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Tuesday, 18 April 2017

Inflated development aid figures exposed

New figures confirm that the European Union and its member states have consolidated their place as the world’s leading aid donor in 2016. But NGOs and MEPs say the picture is distorted and the aid figures are inflated. Preliminary OECD figures show that Official Development Assistance (ODA) provided by the EU and its member states has reached €75.5 billion in 2016. This constitutes an 11% increase compared to 2015 levels. Highest level to date The EU’s assistance has increased for the fourth year in a row and reached its highest level to date, the Commission said in a press release yesterday (11 April). In 2016, EU collective ODA represented 0.51% of EU Gross National Income (GNI), having increased from 0.47% in 2015. This is significantly above the 0.21% average of countries that are not members of the EU’s Development Assistance Committee (DAC). Significantly, Germany, the EU’s largest country, has for the first time met its commitment to dedicate more than 0.7% of GNI to development cooperation. MEP Neuser: 'Missed 0.7% target is eating away at Germany’s credibility' Germany’s lack of investment in development cooperation is damaging the country’s credibility and is a catastrophe for developing countries, says MEP Norbert Neuser in an interview with EURACTIV.de, arguing that effective development aid could greatly reduce worldwide suffering and could have prevented the Ebola outbreak. However other countries, including the Netherlands, dropped below this figure. The downside Finnish Vihreä liitto MEP Heidi Hautala (Greens/EFA ) stressed that the increase was a result of some member states counting certain expenses associated with receiving refugees as development aid. “The EU needs to find funds for both development and assisting refugees, and should not trade one against the other,” she stated. “Before we congratulate Germany on joining the club of those few EU member states who have reached their commitment of 0.7% of GNI to development cooperation, it is worth noticing that over 20% of its official development aid is spent on receiving refugees. At the same time, aid directed to the poorest countries is in decline.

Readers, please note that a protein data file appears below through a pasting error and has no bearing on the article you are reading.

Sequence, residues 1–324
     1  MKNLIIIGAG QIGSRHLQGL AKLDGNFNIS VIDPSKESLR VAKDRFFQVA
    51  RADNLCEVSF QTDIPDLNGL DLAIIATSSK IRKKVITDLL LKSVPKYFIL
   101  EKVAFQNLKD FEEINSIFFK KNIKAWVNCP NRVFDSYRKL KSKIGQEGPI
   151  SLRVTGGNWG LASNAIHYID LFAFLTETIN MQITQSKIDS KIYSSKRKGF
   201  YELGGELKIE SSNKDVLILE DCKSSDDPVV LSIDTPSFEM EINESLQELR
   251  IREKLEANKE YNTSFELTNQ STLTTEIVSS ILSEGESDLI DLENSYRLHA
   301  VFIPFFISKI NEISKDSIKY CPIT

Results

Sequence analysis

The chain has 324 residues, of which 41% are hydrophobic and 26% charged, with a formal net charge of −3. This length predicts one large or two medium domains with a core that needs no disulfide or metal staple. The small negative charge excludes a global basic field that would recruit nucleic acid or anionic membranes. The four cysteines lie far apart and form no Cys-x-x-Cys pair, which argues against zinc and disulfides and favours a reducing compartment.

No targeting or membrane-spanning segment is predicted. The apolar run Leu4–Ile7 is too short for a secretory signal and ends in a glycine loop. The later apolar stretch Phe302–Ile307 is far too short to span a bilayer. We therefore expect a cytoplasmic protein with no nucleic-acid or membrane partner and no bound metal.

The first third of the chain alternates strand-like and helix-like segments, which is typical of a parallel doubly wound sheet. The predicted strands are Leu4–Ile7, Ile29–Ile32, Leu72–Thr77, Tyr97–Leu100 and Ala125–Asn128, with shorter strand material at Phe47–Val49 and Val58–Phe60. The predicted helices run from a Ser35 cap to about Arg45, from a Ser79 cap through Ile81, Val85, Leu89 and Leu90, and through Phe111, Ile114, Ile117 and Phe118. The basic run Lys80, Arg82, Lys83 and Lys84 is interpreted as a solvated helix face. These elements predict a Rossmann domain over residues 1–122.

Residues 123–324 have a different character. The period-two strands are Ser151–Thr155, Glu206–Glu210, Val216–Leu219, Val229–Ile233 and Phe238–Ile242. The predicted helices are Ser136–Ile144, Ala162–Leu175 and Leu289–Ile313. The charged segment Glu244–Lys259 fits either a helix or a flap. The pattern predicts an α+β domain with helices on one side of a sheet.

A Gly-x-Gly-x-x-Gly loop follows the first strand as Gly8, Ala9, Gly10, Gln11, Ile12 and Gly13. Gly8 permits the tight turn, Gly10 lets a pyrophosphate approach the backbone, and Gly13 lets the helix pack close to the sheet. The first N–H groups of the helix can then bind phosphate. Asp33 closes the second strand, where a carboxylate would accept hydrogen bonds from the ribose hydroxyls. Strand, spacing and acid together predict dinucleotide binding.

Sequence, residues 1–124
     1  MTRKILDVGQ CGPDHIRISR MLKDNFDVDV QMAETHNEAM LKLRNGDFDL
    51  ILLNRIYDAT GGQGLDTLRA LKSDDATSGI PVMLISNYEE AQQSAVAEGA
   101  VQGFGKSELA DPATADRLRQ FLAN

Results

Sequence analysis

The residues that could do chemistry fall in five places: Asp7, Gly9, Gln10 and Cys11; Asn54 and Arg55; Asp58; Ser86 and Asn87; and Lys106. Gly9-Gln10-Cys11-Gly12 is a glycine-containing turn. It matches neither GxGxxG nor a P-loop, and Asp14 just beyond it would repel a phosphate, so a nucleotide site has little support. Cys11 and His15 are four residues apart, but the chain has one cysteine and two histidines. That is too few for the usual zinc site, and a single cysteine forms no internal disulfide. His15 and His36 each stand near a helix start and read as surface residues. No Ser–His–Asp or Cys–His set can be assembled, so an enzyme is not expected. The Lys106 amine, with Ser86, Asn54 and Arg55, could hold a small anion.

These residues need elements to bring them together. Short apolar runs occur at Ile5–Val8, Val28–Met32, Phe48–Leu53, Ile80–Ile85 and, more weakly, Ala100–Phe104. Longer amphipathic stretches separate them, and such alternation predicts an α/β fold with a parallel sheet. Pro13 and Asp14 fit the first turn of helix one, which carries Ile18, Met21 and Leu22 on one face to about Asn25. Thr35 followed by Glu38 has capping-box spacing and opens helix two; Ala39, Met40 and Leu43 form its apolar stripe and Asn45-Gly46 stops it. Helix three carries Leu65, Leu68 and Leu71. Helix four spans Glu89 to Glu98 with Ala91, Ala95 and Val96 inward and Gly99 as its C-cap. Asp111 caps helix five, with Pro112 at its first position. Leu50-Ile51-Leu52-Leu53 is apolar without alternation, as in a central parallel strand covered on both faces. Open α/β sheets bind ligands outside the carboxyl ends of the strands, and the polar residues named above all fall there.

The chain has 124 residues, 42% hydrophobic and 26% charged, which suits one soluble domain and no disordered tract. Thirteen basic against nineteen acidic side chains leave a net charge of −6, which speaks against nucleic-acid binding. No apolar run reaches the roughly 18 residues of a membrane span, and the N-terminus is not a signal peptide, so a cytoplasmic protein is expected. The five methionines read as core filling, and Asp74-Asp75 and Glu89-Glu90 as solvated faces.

Source: EuroActiv